The competition in the field of artificial intelligence has become very hot, especially with the launch of OpenAI’s ChatGPT chatbot and Microsoft’s huge investments in this startup, and Google is also trying to keep up with its competitor by introducing the Bard chatbot. In addition, many investors and other technology companies seem very willing to spend money on artificial intelligence systems.
According to some experts, the hype cycle surrounding artificial intelligence chatbots is doomed to be what investors fear the most; a bubble
Gary N. Smith Fletcher Jones Professor of Economics at Pomona College and Jeffrey Lee Funk Independent technology consultant writes:
The experts’ paper relies on the argument that many investors simply misunderstand the underlying technology of language models. While chatbots, especially ChatGPT and the new Bing search engine, produce remarkably human-like speech, they do not actually provide analysis for their responses and do not understand what they are saying.
In fact, artificial intelligence chatbots, like text prediction in smartphones, only predict what words can be placed in the continuation of a sentence. Every quick answer is a probability equation and in fact this technology has no understanding of what it is saying. The underlying tools that lead to the illusion phenomenon in artificial intelligence are a very serious failure that has increased in complexity. Machines’ desire to appear trustworthy sometimes goes so far as to even give false answers, using a threatening tone to persuade the user to accept their answers.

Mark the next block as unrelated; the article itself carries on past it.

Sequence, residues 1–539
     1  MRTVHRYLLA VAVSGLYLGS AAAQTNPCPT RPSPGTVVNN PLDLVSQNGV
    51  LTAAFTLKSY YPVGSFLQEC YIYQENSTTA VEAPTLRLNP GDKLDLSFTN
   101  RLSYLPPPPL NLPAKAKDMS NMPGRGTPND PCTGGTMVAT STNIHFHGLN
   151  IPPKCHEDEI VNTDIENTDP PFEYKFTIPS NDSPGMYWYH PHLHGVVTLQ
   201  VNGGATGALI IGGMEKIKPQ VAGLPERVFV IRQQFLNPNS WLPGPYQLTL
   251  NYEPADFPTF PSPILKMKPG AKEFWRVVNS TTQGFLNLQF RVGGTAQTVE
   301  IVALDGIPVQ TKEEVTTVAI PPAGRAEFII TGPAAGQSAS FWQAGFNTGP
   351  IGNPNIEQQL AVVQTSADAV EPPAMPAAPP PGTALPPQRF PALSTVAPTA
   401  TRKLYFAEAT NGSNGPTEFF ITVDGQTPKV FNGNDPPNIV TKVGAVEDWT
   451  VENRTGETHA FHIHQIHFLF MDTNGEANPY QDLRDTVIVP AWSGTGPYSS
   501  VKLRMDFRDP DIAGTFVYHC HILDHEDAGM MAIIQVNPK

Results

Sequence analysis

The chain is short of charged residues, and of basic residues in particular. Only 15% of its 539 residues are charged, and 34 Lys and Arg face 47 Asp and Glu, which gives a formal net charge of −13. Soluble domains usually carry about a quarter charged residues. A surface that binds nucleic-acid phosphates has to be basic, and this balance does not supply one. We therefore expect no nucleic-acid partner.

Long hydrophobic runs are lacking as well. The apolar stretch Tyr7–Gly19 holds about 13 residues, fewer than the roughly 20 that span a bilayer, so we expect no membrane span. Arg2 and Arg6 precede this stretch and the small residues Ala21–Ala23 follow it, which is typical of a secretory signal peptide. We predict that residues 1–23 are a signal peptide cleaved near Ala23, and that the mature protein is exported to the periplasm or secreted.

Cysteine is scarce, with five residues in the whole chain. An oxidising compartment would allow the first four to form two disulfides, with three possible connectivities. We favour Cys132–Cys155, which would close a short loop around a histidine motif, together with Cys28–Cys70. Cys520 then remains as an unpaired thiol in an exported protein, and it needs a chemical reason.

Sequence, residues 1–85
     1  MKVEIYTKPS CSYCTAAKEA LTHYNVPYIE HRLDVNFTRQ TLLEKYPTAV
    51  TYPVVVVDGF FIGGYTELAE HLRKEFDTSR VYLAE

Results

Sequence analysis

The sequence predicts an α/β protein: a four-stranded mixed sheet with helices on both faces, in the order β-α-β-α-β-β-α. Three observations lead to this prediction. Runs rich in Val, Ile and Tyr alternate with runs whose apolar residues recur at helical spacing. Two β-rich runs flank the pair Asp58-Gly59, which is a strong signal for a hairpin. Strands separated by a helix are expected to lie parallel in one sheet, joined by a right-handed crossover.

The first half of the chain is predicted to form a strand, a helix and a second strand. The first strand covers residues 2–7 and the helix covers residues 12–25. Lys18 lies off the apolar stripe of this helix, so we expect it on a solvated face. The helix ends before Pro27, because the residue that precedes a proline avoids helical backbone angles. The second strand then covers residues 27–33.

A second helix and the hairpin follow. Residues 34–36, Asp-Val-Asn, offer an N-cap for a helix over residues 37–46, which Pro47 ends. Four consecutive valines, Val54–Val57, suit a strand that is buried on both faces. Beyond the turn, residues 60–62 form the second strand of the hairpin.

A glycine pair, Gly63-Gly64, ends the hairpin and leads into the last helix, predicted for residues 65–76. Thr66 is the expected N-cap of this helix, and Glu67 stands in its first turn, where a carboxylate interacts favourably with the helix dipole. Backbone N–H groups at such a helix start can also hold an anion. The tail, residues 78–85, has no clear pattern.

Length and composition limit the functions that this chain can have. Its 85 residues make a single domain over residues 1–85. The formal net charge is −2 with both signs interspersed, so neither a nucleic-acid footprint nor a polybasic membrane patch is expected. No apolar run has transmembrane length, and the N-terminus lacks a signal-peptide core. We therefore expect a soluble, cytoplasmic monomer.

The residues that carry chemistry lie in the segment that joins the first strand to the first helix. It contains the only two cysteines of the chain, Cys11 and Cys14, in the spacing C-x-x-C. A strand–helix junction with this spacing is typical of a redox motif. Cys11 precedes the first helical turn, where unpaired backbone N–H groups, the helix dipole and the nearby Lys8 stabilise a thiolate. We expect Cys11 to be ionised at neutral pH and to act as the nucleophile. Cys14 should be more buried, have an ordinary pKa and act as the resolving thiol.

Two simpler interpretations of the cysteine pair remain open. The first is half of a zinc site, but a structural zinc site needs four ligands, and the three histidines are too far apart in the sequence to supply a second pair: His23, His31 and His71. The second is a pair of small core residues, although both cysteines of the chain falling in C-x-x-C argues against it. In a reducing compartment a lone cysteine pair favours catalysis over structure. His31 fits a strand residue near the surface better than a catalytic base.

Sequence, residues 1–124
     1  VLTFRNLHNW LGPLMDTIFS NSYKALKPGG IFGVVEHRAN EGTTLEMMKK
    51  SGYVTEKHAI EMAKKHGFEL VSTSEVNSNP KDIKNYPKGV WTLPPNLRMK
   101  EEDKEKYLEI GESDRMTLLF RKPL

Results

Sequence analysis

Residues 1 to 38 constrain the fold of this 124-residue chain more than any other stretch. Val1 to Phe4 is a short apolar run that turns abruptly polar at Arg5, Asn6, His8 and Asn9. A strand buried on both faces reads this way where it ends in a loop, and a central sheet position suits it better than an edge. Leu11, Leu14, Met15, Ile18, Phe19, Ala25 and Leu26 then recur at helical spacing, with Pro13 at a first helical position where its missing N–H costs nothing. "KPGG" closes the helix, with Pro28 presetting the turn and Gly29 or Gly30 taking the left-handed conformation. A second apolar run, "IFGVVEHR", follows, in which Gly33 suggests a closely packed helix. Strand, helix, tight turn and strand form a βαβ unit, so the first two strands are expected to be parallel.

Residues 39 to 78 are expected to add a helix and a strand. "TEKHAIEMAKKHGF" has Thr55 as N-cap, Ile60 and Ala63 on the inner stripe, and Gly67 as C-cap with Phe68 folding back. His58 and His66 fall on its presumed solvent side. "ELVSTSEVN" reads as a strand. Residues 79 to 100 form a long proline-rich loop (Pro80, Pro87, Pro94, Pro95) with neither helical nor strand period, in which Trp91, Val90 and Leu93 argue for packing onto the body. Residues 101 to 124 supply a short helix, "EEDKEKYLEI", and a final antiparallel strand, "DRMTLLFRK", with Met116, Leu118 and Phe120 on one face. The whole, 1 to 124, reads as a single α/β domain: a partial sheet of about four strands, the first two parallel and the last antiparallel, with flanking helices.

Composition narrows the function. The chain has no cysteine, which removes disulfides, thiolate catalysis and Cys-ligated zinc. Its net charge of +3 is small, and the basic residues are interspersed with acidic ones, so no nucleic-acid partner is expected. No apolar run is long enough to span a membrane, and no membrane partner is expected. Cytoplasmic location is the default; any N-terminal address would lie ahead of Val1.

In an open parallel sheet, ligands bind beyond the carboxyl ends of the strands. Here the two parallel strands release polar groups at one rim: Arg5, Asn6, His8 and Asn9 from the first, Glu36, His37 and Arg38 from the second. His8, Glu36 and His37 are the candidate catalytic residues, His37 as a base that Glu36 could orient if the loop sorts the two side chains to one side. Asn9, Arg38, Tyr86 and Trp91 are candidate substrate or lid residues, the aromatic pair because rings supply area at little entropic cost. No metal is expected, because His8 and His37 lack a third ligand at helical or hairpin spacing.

Smith And funk they say:
written by Futurism, many AI optimists point to the burgeoning technology’s hilarious and sometimes horrifying quirks and blunders. They often say that more data, including information obtained through the use of artificial intelligence, will solve the chatbots’ fact-checking problem.